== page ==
It’s worth mentioning is that the visual representation of our states doesn’t necessarily have to look like the notation we used here. Some people prefer using the actual screen designs and drawing the transition arrows from the element that caused the transition. Another alternative is to use wireframes. Two advantages of using our notation is that it’s compact and easy to draw by hand. In the end, it’s up to you to decide how you prefer to work.
One thing that we’ve noticed while working on this app is that it cannot cancel an ongoing search. Say that the loading state is taking a long time, or the user wants to try to search for something else. There’s no way to go back to the searching state from the loading state right now. This begs the question, should this be possible? I think that this illustrates how state diagrams can become very valuable when developers and designers are working together. By using the state diagram when discussing a change like this we can immediately see what consequences it will have in our application. In this case, it means that we should add a transition back to the searching state if the user taps the search field while being in the loading state. Developers can also see that this means that we can cancel the ongoing network request, and probably save the user some data usage. When the number of transitions and state changes increases we see an exponential increase in complexity in an application like this. State diagrams can really help us structure that complexity back into an understandable format.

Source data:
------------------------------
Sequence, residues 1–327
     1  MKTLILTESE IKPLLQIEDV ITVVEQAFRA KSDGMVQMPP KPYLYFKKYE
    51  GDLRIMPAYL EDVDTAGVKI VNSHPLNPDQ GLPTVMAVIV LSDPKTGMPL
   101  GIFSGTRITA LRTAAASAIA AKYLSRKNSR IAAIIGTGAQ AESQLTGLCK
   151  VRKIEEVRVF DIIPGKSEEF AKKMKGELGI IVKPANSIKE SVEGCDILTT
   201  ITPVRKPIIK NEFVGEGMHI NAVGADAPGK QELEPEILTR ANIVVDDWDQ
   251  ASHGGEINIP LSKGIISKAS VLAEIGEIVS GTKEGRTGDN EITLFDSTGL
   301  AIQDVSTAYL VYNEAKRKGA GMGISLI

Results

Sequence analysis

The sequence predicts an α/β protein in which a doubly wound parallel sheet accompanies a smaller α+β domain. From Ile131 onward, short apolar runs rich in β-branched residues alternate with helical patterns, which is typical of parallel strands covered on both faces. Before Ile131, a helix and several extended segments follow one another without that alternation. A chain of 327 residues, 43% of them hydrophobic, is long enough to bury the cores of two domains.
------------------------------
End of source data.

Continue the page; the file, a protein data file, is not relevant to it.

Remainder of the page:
We’ve seen how state diagrams can help us communicate, structure and validate our applications. We started with a design that looked pretty simple at first, but as we started to dig a little bit into the specifics we could see that there was a lot of hidden complexity and uncertainty in how this was supposed to work.